Growth rate of Islamic banking surpasses conventional banking in Oman.
The figures released by the Central Bank of Oman (CBO) in its monthly statistical bulletin for March 2018 revealed a faster growth rate for Islamic banking compared to conventional banking.
The total credit of the two Islamic banks and the six Islamic windows at the end of March 2018 amounted to OMR3.18 billion (US$8.24 billion) compared with OMR2.6 billion (US$6.74 billion) a year ago, against the total credit of conventional banking recorded at OMR20.9 billion (US$54.17 billion) at the end of March 2018. The favourable trend can be attributed to the competitive interest rate in Islamic financing and the variety of products that are available that suit customers’ needs.
The total deposits held with Islamic banks and windows also registered a significant increase to OMR3.15 billion (US$8.16 billion) at the end of March 2018 from last year’s OMR2.38 billion (US$6.17 billion) while conventional banks recorded OMR19 billion (US$49.25 billion) which is the same as in 2017.Although there is no difference in substance between conventional and Islamic banking deposits, Muslims, for religious reasons, are switching from conventional to Islamic and those who never used the banking services for religious reasons have started using Islamic banking services.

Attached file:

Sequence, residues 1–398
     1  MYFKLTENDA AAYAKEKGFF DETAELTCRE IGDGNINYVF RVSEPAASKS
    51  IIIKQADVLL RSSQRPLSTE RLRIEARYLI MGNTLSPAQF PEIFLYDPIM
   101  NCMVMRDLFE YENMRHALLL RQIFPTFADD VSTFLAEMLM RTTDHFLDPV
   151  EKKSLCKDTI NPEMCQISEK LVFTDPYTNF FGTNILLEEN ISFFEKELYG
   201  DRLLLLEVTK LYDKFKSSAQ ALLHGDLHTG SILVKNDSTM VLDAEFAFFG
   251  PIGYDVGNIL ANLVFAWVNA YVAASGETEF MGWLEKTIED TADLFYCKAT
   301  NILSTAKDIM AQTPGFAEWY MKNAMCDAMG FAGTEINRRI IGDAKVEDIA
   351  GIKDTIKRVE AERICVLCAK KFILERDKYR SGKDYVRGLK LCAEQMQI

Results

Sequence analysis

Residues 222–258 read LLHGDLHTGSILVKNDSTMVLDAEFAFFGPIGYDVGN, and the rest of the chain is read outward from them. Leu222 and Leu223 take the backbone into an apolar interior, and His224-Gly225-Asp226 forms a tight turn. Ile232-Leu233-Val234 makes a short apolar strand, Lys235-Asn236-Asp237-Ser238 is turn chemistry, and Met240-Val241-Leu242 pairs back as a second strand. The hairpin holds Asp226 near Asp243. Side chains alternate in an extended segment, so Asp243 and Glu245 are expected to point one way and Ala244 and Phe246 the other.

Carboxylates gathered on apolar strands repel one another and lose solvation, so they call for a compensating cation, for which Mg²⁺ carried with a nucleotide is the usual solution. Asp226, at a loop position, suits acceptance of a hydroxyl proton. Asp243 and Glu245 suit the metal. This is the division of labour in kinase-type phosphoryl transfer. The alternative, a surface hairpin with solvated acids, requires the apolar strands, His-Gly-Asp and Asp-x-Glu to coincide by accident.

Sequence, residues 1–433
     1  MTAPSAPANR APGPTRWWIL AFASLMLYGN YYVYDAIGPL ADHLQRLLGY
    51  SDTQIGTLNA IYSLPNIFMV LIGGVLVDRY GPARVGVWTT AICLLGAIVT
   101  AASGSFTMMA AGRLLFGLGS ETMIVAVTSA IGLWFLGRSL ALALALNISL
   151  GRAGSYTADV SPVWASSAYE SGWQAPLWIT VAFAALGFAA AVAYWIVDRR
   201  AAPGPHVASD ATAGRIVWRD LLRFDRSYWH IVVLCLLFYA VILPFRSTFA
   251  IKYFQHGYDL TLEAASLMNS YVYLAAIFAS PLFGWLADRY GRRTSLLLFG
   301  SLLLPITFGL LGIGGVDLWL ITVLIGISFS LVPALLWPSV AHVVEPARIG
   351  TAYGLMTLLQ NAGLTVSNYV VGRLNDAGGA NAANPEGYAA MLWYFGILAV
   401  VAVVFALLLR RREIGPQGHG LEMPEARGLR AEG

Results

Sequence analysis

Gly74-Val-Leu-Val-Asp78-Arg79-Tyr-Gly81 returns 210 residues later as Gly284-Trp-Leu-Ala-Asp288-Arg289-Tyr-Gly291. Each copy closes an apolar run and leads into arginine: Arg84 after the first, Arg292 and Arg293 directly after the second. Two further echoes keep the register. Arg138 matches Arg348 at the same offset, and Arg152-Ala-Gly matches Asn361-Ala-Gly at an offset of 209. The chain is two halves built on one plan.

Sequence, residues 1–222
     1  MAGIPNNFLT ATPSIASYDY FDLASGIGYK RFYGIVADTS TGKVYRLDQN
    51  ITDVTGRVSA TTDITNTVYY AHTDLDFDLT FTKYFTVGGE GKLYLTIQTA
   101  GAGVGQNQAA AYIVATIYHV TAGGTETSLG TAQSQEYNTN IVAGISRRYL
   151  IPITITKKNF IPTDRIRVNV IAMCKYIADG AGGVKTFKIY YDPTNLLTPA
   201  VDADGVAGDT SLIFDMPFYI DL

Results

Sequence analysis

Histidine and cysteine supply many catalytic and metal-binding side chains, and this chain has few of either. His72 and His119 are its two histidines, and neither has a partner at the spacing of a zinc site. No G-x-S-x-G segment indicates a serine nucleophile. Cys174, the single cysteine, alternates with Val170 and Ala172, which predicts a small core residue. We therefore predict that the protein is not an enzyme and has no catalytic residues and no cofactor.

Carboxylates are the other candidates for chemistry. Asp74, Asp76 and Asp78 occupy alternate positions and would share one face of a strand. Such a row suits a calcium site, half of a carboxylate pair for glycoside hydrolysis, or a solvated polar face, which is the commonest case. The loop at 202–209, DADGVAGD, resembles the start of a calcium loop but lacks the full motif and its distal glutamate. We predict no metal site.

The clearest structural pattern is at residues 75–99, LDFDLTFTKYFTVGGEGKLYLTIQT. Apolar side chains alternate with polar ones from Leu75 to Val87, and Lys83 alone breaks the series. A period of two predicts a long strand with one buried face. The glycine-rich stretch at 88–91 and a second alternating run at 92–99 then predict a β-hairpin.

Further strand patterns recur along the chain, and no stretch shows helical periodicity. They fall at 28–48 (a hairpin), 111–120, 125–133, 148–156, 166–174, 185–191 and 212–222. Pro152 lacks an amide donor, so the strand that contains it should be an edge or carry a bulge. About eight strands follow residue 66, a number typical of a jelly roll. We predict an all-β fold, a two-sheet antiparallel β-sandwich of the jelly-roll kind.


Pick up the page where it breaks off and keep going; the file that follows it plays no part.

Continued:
The total assets of Islamic banks and windows reached the OMR4 billion (US$10.37 billion) mark as of March 2018, accounting for 12.4% of total banking system assets in the Sultanate.
Such robust growth indicates that the Shariah compliant banking system has established itself in the Sultanate for the past six years since the Islamic banking system was first introduced. According to the CBO report, the conventional loans that were replaced with Islamic financing are in the region of 14-16% against an average of 20% in GCC countries. No doubt, the growth trend in Oman will surpass the average of GCC countries and the Islamic banking products will also have a positive impact on Islamic insurance products in the country.
These achievements came in the midst of the fall and rise in oil prices and the increasing cost of funding in the banking sector. Some Islamic banks continue to suffer from the high cost of funding, leading to a huge tax loss or a deferred tax asset. Oman Arab Bank and Alizz Islamic Bank are said to be considering a merger. Oman Arab Bank has an Islamic banking window, Al Yusr, while Alizz Islamic Bank is a fully-fledged Islamic bank.